Barber station

Other volunteers were already distributing food and hot drinks, and we began giving out hot drinks too, and firing up a generator so that people could charge mobile phones, offering first aid and – a surprise to me – setting up a barber station, where we  provided mirrors, clippers, scissors and razor blades.

We walked a little distance to find women to whom we could give the feminine hygiene packs we had brought, but found none. Under French law, women and children are entitled to housing if the temperature drops too low, so we were not surprised as it was bitterly cold. But there were several children, all under the age of ten, and all boys.

Then three of the CRS minibuses raced past us with blue lights flashing, and as we came back to the parking area, I saw two more already parked side by side, backed up towards the crowd. Policemen with SJ-102 tear gas launchers and hand-held trigger-operated pepper spray canisters poured out of the buses and formed a sort of cordon. We could hear music and, moving past the police, we saw men dancing, queueing peaceably for a cup of hot tea, and barbering. I couldn’t see any reason for this intimidatory response.

For ten minutes the cordon shuffled about, one of the officers apparently filming proceedings, but the dancing men ignored them. Eventually, the police all climbed back into their buses and drove off. The dancing just carried on.

This was the epitome of the spirit of the men caught here in woodlands on the border of France. I expected heartache, pain, suffering, desperation – but I got no sense of that from the crowd at all. The most popular attraction was the barber station, because the men wanted to look their best, hair and beards trimmed. They may be trapped but they have not lost their humanity.

Men dancing in a line (photo: Antonia Berelson).

One man stripped to the waist to have his hair and beard trimmed, and I noticed the unmistakable scars on his right arm of a shrapnel wound that has not had primary closure. You could see where the pieces of shrapnel had entered his flesh, travelled though his arm and exited. The wounds had long healed but bore the hallmarks of a wound that had not been treated and had not closed well.

I had several faltering conversations with the men there. They told me they were mostly Kurdish, with no government of their own; they are in Iran, Iraq, Turkey, Syria – and nowhere do they have parliamentary representation. They are for the most part well-educated – one was a mathematics teacher. Most had not brought their families, and now feared greatly for their safety back at home.

Polite and welcoming

They were polite, warm and welcoming, sharing conversations with each other. The dancing was quite a joyous affair, and others played football together. They shared a joke where they could – the one I really understood was whether it was “all me” or did I have a lot of clothes on. They told me that they saw Britain as a place of acceptance, peace, freedom – not free houses or free benefits, but just a freedom to be.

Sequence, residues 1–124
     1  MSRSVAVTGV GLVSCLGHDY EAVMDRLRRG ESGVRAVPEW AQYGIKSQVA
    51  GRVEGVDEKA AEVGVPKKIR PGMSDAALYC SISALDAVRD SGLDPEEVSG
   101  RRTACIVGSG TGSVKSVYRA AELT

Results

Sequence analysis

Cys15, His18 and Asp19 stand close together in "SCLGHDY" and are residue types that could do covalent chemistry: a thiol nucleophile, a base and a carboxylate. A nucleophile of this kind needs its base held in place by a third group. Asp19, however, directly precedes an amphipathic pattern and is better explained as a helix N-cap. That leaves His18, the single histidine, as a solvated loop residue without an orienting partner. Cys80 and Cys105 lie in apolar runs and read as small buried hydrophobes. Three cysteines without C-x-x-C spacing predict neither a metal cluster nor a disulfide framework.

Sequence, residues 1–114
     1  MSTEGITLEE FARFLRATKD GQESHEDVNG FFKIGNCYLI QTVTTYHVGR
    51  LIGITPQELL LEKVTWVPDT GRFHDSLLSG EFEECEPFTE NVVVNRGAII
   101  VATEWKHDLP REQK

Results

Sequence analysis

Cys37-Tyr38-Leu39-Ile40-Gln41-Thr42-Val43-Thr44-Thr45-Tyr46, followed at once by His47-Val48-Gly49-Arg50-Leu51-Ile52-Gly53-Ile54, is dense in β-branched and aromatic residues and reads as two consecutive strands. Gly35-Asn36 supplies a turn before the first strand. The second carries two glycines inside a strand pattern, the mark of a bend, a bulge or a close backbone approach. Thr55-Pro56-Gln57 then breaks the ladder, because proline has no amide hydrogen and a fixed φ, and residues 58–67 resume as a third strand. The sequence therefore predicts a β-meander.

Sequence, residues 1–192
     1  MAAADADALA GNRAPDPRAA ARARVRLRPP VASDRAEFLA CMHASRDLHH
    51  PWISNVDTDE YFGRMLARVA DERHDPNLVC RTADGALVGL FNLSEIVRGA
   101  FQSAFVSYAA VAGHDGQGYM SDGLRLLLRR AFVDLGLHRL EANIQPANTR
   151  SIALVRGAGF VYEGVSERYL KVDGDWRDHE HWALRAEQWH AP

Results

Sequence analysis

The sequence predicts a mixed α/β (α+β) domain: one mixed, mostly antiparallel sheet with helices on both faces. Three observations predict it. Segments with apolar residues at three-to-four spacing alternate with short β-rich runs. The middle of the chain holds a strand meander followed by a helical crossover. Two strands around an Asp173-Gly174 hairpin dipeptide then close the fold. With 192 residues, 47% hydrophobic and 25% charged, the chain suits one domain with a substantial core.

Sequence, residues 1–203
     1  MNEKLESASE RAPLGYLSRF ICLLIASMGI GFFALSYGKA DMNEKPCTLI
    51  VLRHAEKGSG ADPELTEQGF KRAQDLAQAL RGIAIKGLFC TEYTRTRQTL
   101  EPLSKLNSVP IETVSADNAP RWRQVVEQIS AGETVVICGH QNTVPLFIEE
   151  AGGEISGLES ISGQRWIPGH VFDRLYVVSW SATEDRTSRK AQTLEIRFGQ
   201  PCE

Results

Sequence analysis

The humanity of these people – surviving in this informal campsite in the middle of nowhere in the freezing cold – astounded me. As we left, they helped us pack up the generator, the tables and the cables. It was a bit of a struggle to close the barbershop – one man was desperate to have the razors out again to even up his beard. His friends took some delight that he would have to wait for this. I lied horrendously and told him it looked beautiful, which only made his friends laugh even more. That spoke volumes to me – these men want to feel human and be proud of their appearance.

I will remember one man – Yah – who told me he had been there for four months. He has tried to enter the UK several times. He doesn’t think he will ever make it. I asked him if he could go back – but there is no back for him. Just persecution, at worst death. He has no way forward and nothing to go back to.

How can we be living in a civilised world when we have people, ordinary human beings, effectively stateless at a border and living in a tent?


This article was amended by Nick Terdre on 9 June 2020.


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Posted 19:18 Sunday, Jun 7, 2020 In: Campaigns


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  1. Keith Piggott

    Since my comment on June 7, I have received video evidence of covert UK-France complicity in escorting powered dinghies full of so called ‘refugees’, across the former ‘English’ Channel. The French Navy does not intercept, but feigns a ‘Search and Rescue’ without rescue, handing immigrants’ dinghies over to pre-arranged UK Border Force ships, received in Dover by UK Home Office also UK Immigration, all at unquantified costs to the public purse.

    To allon either side of our MP’s vexed question of ‘legality’, I recommend all to watch this link: . KP

    Comment by Keith Piggott — Monday, Jun 15, 2020 @ 01:15

  2. Keith Piggott

    It used to be EU policy to admit any genuine ‘refugee’ seeking asylum, but not economic migrants. Hungary and Germany treated EU ‘refugee-status’ very differently during vast middle-east conflict migrations via Greece and Turkey. Africa’s economic boat migrations landed primarily in Italy also France.

    Migrations by many millions changed all understanding of term ‘refugee’, formerly required to claim asylum on entering the first non-threatening country. What then is so threatening about the EU, France in particular, that ‘refugees’ needs must flee by any means to England for safety?

    Question is not to discriminate against Channel boat-people still arriving in numbers, but merely to understand the legality of their flight to our golden shores – cited as illegally by Mrs Sally-Ann Hart MP to the Home Secretary.

    I write as one from a generation fearful of insurgents, fighting-age columns intent on violent disruption of governments across Asia and South America, now the middle-east. Human migrations created the world we occupy, lately recognised as having benefits too, depending on the’refugees’ theselves .

    Comment by Keith Piggott — Sunday, Jun 7, 2020 @ 23:25